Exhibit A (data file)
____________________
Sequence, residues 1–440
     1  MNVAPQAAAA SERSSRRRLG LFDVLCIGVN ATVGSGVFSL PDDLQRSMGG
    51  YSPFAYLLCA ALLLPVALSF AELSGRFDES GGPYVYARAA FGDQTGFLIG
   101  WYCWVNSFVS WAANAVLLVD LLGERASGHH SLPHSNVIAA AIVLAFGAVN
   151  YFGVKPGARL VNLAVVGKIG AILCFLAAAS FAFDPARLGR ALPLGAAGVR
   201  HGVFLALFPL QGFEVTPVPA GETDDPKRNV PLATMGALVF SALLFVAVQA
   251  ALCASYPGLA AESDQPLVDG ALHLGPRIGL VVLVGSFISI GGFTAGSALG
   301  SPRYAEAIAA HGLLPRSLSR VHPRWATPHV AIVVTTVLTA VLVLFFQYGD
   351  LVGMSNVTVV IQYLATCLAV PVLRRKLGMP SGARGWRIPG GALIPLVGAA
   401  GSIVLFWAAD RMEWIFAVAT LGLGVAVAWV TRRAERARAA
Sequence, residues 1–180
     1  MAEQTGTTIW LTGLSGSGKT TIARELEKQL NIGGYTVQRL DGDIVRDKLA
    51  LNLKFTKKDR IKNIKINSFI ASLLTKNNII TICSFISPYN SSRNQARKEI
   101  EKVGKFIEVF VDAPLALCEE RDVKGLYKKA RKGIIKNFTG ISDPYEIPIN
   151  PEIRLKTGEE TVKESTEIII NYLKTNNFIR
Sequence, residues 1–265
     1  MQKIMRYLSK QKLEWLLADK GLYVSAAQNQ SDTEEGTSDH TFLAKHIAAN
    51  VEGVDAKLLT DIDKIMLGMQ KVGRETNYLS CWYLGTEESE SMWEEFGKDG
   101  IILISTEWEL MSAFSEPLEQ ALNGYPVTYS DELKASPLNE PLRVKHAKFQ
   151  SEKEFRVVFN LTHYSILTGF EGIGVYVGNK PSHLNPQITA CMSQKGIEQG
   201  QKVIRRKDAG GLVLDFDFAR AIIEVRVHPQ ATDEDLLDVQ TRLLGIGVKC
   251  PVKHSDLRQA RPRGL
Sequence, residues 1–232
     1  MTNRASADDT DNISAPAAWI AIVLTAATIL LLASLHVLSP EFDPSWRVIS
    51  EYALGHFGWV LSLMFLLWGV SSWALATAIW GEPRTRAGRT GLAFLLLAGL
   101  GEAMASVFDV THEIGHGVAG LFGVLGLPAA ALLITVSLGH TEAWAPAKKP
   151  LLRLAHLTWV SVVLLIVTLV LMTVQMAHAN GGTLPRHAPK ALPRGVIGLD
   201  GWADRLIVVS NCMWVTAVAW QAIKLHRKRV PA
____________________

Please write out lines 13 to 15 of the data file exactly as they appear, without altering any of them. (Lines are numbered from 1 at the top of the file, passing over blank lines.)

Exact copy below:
    51  LNLKFTKKDR IKNIKINSFI ASLLTKNNII TICSFISPYN SSRNQARKEI
   101  EKVGKFIEVF VDAPLALCEE RDVKGLYKKA RKGIIKNFTG ISDPYEIPIN
   151  PEIRLKTGEE TVKESTEIII NYLKTNNFIR